|POL 336||Advocacy and the Law||This course aims to dispel some of the myths about lawyers as advocates that are perpetuated by popular culture and the mass media in the United States. Students spend much of the course exploring case studies that illustrate the ethical dilemmas faced by lawyers as advocates in the American legal system, the ethical rules that govern their behavior as a condition of their license to practice law, and the fates that befall them when they fail to fulfill their ethical obligations. In addition, students learn how to write parts of an appellate legal brief of the type that first-year law students in American law schools learn how to write, and how to make an appellate oral argument on behalf of hypothetical clients in a moot court setting.|
|Total Credits: 21|
Law School Outlook & Legal Employment Outlook
Law School Outlook
After surging in the early 2000's, the number of college graduates applying to American law schools has begun to fall. As a result, competition for admission to law school is less intense now than it has been for several years. Law schools continue to seek well-prepared college graduates, however, so students who aspire to law school should expect to be part of a competitive applicant pool. Amid such a pool, the skills and knowledge acquired by students in SNHU's Pre-Law Program, which is designed to provide students with a solid foundation for learning how to "think like a lawyer" once they arrive in law school, can help them to stand out from other applicants.
Legal Employment Outlook
Employment opportunities for graduates of American law schools are much more diverse than most Americans believe. Although some law school graduates become trial lawyers of the type familiar to us from television and movies, many others work as legal counselors, appellate litigators, legislative staffers, regulatory policy-makers, arbitrators, mediators, administrative law judges, or legal educators, or in law-related fields such as legal publishing. These legal professionals work in a wide variety of settings, including private law firms that range in size from two lawyers to many hundreds, solo practices, regulatory agencies or attorneys' general offices, legislatures, nonprofit organizations, the legal departments of large corporations, law schools, consulting firms, publishing houses, and more.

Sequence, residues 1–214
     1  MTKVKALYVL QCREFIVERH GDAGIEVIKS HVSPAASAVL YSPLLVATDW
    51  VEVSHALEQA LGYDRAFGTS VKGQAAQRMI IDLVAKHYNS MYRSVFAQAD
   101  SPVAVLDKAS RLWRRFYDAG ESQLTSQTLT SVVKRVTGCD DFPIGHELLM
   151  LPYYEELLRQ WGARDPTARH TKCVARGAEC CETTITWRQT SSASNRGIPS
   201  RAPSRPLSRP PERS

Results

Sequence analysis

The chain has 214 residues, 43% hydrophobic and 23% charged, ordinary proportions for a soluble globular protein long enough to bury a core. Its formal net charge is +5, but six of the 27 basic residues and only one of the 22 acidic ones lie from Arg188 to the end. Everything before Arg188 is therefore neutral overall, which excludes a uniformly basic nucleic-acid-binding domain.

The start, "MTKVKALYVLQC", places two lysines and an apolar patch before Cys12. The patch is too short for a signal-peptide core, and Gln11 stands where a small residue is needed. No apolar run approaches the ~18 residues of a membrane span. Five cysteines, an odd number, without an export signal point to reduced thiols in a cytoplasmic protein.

Although legal employment opportunities in general tend to be relatively abundant no matter what the state of the economy, opportunities in particular areas of practice or work settings often expand and contract in response to their own peculiar sets of factors. In private law firms, for example, opportunities in real estate and corporate law tend to increase during economic booms, whereas opportunities in bankruptcy law tend to expand during busts. Opportunities in other fields, such as environmental law, have been increasing slowly but steadily for decades. Opportunities in still other fields, such as trusts and estates, tend to remain relatively stable over time.
Despite these differences, students in the Pre-Law Program need not be concerned about picking an intended area of legal practice. Even most legal employers expect law school graduates to be generalists when hired.
Semester in Washington, D.C.
Beginning in their junior year, students in the Pre-Law Program may elect to spend a semester in the nation's capital as a student in SNHU's Semester in Washington, D.C., program. The Semester in Washington, D.C., program promotes learning by doing among SNHU pre-law students and others through for-credit internships and academic seminars hosted by The Washington Center in Washington, D.C.
The Washington Center is an independent, nonprofit organization that since 1975 has provided internship programs and academic seminars to college students from throughout the United States and around the world, and is affiliated with more than 850 colleges and universities nationwide. The Washington Center provides students with housing and places them in internships appropriate to their interests.
For more information, see the course descriptions for POL 413A and POL 413B, email the Pre-Law Advisor.
Our Manchester campus aims to keep tuition and related costs low for our students so that you can pursue your degree and your goals. More than 90% of our students receive some form of financial aid, and students who qualify could receive up to $20,000 in grants and scholarships.
Southern New Hampshire University is a private, nonprofit institution accredited by the New England Commission of Higher Education (NECHE) as well as several other accrediting bodies.